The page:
The New Zealand man found guilty of murdering British backpacker Grace Millane has been sentenced to life in prison with a minimum non-parole period of 21 years.
The man appeared in Auckland’s high court on Friday morning, and his sentencing was overseen by Justice Simon Moore.
The Man had been assessed in his pre-sentencing report as being of “very high risk”, based on his “complex needs” and the severity of the offending.
“Manual strangulation is a particularly intimate form of violence… cold-blooded,” Moore said. “Your actions reveal a complete disregard for your victim.”
“You didn’t ring an ambulance, or call the police, instead you embarked on a well-planned and sustained and coordinated course of action to conceal any evidence of what had occurred in your room.”
There was no emotion shown by the man found guilty of Millane’s murder, and he listened to his sentencing impassively.
As a mother I would have done anything to change places with her.
“I should have been there, but she died terrified and alone in a room with you.”
The crown prosecutor Brian Dickey said the man’s crime against Millane had been “Personalized, depraved and callous” and the crime had a profound impact on young women’s sense of safety in New Zealand, with many reassessing their relationships with men, or dating life, and how safe they should feel.
The man’s consumption of explicit pornography and intimate photographs taken of Millane after she died, were evidence of “depravity”, Dickey argued. He said his disposal of her body in a suitcase in a shallow grave in bushland made it a unique case in New Zealand for its “extensive cruelty” during and after her death, and its wide ramifications in the community, especially for women.
Ian Brookie, the defense counsel, argued the man was young at the time of the murder, had no significant prior criminal convictions, and could be rehabilitated with a lower sentence of years. The man has maintained his innocence throughout.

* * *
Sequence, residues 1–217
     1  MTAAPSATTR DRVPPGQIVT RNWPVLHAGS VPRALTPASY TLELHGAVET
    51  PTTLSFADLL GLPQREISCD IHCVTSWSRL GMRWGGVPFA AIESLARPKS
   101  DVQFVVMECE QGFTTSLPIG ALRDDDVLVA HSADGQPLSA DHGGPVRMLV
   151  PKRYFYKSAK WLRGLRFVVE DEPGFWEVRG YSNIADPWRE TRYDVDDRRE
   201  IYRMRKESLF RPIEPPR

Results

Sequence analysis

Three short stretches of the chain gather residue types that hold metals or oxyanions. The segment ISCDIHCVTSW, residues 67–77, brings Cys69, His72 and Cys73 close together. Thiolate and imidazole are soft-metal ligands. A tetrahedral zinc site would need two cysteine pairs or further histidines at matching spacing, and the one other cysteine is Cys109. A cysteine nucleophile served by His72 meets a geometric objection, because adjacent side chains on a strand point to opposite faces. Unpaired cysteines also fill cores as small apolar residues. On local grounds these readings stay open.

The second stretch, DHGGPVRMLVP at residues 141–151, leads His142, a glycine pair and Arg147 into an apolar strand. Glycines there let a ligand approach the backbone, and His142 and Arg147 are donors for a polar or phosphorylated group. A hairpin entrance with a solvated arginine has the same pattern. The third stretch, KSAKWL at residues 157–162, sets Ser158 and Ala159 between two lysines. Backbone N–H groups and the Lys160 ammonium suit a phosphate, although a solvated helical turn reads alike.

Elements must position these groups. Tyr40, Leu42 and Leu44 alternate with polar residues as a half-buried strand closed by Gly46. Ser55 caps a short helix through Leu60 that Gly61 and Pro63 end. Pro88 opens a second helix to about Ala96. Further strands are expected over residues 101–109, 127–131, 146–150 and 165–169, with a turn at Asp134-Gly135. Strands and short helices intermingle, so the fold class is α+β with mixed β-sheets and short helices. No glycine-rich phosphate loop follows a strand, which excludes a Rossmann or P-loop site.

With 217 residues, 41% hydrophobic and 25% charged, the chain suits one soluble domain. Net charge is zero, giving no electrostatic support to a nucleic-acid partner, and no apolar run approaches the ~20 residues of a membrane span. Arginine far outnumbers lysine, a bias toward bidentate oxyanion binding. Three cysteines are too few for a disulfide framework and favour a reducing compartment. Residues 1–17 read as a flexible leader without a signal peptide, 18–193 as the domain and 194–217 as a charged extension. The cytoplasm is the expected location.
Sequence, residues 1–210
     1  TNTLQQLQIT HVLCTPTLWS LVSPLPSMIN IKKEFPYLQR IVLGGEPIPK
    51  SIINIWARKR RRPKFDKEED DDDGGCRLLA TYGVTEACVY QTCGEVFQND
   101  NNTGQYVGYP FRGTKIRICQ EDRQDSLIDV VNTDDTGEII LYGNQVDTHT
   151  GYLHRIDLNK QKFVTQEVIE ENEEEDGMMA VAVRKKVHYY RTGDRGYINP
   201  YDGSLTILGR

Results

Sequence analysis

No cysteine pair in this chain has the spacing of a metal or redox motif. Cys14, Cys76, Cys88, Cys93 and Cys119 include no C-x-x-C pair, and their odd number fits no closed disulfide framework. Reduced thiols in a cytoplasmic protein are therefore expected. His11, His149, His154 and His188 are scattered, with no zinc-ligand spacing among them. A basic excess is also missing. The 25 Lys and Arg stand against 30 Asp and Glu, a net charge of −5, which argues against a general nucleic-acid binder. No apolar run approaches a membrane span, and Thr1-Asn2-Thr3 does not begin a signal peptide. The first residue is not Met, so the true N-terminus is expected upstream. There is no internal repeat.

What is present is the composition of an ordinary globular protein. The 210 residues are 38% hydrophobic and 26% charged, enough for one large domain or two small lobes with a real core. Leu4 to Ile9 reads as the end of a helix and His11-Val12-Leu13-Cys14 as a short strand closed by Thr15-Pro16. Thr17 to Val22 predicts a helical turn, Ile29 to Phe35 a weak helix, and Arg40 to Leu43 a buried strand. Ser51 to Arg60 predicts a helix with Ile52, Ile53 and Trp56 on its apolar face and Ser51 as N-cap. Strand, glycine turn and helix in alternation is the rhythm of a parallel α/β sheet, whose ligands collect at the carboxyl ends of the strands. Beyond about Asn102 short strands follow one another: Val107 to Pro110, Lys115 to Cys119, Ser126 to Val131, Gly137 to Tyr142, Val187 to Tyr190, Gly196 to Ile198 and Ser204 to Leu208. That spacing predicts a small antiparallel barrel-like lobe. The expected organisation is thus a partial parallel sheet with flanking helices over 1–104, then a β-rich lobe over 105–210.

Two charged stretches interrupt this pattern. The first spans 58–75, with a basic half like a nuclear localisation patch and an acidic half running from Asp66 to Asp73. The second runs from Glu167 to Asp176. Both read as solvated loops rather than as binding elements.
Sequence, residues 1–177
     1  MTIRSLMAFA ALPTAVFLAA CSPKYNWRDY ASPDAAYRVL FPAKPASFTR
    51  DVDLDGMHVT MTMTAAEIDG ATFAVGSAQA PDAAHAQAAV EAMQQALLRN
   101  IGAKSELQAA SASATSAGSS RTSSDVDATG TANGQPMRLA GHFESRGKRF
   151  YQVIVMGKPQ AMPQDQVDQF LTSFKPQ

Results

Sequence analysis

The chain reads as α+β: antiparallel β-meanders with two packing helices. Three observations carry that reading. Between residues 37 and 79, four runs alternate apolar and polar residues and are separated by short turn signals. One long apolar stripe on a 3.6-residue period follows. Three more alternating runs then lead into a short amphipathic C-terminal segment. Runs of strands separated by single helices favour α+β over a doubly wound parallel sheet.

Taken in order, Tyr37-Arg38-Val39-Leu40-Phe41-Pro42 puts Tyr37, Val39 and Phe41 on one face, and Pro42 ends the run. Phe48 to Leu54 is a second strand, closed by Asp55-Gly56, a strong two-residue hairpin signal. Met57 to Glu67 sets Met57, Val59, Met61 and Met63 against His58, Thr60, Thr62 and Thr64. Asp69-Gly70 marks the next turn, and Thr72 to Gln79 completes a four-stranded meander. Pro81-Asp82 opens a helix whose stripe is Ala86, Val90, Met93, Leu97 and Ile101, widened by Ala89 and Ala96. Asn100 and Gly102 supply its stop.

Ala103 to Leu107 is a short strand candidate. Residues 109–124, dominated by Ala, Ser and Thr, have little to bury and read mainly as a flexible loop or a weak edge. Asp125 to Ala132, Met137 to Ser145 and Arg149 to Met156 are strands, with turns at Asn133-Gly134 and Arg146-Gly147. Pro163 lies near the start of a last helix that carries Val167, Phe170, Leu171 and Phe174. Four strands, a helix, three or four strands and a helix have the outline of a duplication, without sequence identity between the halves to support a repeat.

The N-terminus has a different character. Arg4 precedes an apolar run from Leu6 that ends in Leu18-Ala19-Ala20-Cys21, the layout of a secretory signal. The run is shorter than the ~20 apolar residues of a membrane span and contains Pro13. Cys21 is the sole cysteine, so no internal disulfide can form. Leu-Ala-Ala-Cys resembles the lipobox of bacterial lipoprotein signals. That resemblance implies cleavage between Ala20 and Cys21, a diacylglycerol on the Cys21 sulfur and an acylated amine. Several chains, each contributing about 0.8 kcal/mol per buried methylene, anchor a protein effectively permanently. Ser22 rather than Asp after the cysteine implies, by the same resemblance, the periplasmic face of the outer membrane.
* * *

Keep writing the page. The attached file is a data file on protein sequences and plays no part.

Brookie also said the man was isolated from his Māori culture, estranged from his family and had a “traumatic” childhood and upbringing.
In November last year a jury of seven women and five men took five hours to find the – year-old man – who has name suppression and cannot be identified – guilty of Millane’s murder . The reason for the name suppression is also suppressed by court order.
The prosecution argued that he had used “reckless violence” while strangling. Millane during sex, and disregarded the risk to her life when choking her so hard and for so long that she died. A forensic pathologist said it would have taken five to 11 minutes for Millane to have died, and she would first have fallen unconscious due to the pressure on her neck.
“You can’t consent to your own murder,” said crown prosecutor Brian Dickey
during the three-week-trial in Auckland’s high court.
The man found guilty of Millane’s murder had a long history of Tinder dating, with a number of his former dates cutting off contact with him because they felt “uncomfortable” with his behavior.
The accused, who lived in an inner-city hotel, had a reported interest in choking and domination, and a history of telling exaggerated stories and lies – including that he had cancer, was a professional athlete, and worked as an “Oil manager” offshore.
Millane’s murder shocked New Zealand, which has a low homicide rate, and prompted the prime minister Jacinda Ardern to offer a public apology.
“On behalf of New Zealand, I want to apologise to Grace’s family – your daughter should have been been safe here and she wasn’t, and I’m sorry for that.”
Thousands of people attended candlelit vigils after Millane died, calling for an end to violence against women, and Ardern said New Zealanders collectively experienced “hurt and shame” around the tragedy. According to the Ministry of Justice 80, 17 are the victims of domestic violence in New Zealand each year.
A charity started in Millane’s name, Love Grace , launched in New Zealand this week and has seen an influx of donations . The charity donates handbags full of essentials and luxuries to women-in-need, and has already helped hundreds of women in Millane’s home county of Essex.
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